Caitlin McGill

November 29, 2018

Morning Glory

Emerald vines strangle my Boston porch and crawl up the deck where I stand, alone, clinging to wood. At the neck of the tendrils: a single morning glory, a blushing base. And where the flower widens, opening like an unfurling fist: a rich, deep purple—a glazed, twilight sky. Early morning, no other humans in sight. No other eyes studying my tapering limbs, my protruding collarbone, the water pills hiding inside my pocket.

My phone rings—Mom again. The sun sears my legs, intensifying with the nearing birds’ caws. I clutch the rail tighter. My hands shake. I ignore her call.

A text message: Just checking on my girl.

Is she studying photos of me again and remembering her own thin limbs? Examining my shrinking, twenty-four-year-old body and wishing I would open up? I still have not told her of the holes in my ex-boyfriend’s walls. His bloody knuckles. The hazy memory of his hands around my neck, mine around his wrists. My dented fenders, our cocaine. The way my body began to vanish after I left him last year.

I consider calling her back and then don’t. My stomach grumbles.

I peer down at my violet glories and wonder if they’ve opened more since I’ve been standing here, wonder when they will begin to shrink. By tonight—when I’m hiding in bed and opening another book—they’ll disappear. They’ll close and wilt and split from their stems, exhale petals onto dirt.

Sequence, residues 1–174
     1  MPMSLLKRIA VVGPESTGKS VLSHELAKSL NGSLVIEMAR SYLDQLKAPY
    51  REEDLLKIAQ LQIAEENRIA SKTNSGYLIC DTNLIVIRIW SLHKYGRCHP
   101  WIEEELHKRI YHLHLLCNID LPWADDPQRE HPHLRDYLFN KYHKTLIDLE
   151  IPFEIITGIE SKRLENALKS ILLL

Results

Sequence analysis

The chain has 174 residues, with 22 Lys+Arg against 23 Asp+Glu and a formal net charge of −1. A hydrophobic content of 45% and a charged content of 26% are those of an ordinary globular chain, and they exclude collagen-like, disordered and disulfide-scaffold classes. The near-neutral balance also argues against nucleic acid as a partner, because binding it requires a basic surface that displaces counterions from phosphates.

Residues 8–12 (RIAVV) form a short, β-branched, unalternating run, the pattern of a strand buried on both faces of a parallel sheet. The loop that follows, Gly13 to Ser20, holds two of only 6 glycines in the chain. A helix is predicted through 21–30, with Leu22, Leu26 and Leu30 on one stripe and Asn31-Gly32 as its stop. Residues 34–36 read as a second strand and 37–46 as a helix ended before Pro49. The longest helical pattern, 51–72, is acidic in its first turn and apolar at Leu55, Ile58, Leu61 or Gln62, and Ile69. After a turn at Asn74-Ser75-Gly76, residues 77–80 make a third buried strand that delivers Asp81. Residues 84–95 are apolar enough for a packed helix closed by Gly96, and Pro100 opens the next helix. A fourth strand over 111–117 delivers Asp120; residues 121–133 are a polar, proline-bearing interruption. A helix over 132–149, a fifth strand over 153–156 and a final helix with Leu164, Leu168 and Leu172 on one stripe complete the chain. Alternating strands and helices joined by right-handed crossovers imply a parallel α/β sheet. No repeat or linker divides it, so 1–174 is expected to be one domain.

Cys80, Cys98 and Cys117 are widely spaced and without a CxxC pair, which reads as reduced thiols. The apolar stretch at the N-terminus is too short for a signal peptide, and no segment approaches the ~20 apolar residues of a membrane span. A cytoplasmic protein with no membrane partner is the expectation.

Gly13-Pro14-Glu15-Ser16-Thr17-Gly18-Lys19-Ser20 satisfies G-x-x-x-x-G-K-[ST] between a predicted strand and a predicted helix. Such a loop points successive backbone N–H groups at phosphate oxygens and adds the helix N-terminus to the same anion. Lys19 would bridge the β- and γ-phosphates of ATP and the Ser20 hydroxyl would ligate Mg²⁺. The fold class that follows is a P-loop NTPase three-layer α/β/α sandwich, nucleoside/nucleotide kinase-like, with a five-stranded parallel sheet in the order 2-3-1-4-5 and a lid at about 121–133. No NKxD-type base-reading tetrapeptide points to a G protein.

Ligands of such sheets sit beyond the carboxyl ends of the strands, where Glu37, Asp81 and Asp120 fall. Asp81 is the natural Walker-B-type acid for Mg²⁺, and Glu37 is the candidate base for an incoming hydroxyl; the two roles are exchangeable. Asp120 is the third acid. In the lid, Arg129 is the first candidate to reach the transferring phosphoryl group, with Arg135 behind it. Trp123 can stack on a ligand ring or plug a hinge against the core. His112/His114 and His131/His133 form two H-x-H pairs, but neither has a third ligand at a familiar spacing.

Tomorrow, new blooms will replace the old, and though I know this I still watch the eggplant petals all morning and think, Maybe today will be different, maybe they won’t disappear, maybe, maybe, maybe, we’ll change our ways.

Caitlin McGill’s work has been supported by the Bread Loaf Writers’ conference, the Ragdale Foundation, and the Virginia Center for the Creative Arts, and has appeared or is forthcoming in Blackbird, The Chattahoochee Review, Consequence, Iron Horse Literary Review, Vox, War, Literature, & the Arts, and several other magazines. She is a 2016 St. Botolph Emerging Artist Award winner and the 2014 winner of Crab Orchard Review’s Rafael Torch Nonfiction Literary Award. She recently completed a memoir about intergenerational trauma, inherited survival mechanisms, immigration, race, class, addiction, mental illness, war, and the cost of ignoring our histories. One essay from her book was named a Notable in The Best American Essays 2016.



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